Tuesday, October 21, 2008

A Tea Pot and Cup by Sel Young Jin

Natural and wild, this erabo tea pot and cup look like they could be newly excavated pieces dating back thousands of years. Sel Young Jin sure has a talent for producing wonderfully textured ceramics that intrigue the senses and the mind.

The pot feels wonderful in one's hands, gloss covering rocky earth. The feel of these works are not matched by the sheer exquisite look of the cracking glaze. The joints that connect the handle and spout of the pot are particularly wonderful as they exhibit a natural roughness and uncut beauty. The grey sandy clay found under and inside this pot is a perfect contrast and allows an unadulterated view at its earthy origins.



Will Slack said...

I am constantly amazed by the tea ware you chose for display on this blog. I like this piece too. Am I understand from your description it is unglazed on the inside of the pot? Did you buy all of the pots and cups you photograph, or are some of them photographed in shops/friends houses/artists studios?

Nutmeg said...

The cup and teapot are both lovely. I really like the weathered look of this glaze technique. I am especially intrigued by the pot's handle.
I was also wondering about the teaware you post, as Will asked... where does it all come from??

Matt said...


The inside is covered in a very thin gloss similar to that which covers the bottom patch of grey. The distinct cracks are created as white tries to contain the grey beneath. It creates such a unique effect.


One failed to mention how different this pot feels when gripping the handle. One's index and middle finger grip the handle from below the connection with the pots body while the thumb comes over the top part to stabilize the grip. Interestingly enough it's almost like holding a toy hand gun. In this way one feels that this pot acts to pacify the ingrained, unconscious violent patterning, replacing it with the peace and tranquility of pouring a fresh pot of tea.

The pieces shown on this blog are almost all pictured in friends shops and in art galleries. Amazingly they let one play with, photograph, handle, make tea in, and drink from them even if they are worth tens of thousands of dollars. The pieces in one's tea room are mostly gifts. One tries to keep one's tea room as simple as possible. Cultivating this simple mind is the true meaning behind teaism.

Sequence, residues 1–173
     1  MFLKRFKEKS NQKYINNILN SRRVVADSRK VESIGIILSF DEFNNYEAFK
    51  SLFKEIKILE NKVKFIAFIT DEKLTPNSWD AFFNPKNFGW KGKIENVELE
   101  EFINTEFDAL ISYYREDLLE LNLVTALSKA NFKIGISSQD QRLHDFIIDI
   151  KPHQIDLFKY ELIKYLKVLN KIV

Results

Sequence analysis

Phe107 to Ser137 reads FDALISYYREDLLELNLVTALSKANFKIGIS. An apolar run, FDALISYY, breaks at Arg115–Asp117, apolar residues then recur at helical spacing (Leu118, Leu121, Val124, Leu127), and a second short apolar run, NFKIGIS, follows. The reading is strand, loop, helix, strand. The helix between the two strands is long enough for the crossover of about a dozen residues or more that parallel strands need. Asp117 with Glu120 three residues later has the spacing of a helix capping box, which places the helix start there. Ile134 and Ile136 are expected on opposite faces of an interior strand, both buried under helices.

Thanks for your comments Will and Nutmeg.


ginkgo said...

you are lucky to be allow to touch these pieces and experiment tea in these teapots and it is nice to show around all that in your blog....I can enjoy and be amazed too !

Matt said...


It is a gift that one can share these wonderful works of tea and art with you.



giovdim said...

Amazing shape and texture. So difficult to creat such liberating forms in the way of Wabi sabi aesthetics. Irreguliarity demands not only our admiration, but also, our immediate "participation".
The photos accentuates the artistic beauty. A pleasure for our eyes.

dara said...

very beautiful photos, the only willing is to catch this teaware up from the screen right now :)

Matt said...


These pieces by Sel Young Jin are very wabi sabi for such new creations, Sel Young Jin has a tallent for such things. What you mentioned is of key importance, this blog is not to be viewed and read but experienced. Thank you for doing that.

One visited your blog and enjoy your writings and the overall piece that radiate from them. Thanks for stopping by.


To imagine it in your hands with warm tea in it is the best way to experience it. Your comments are always welcome here.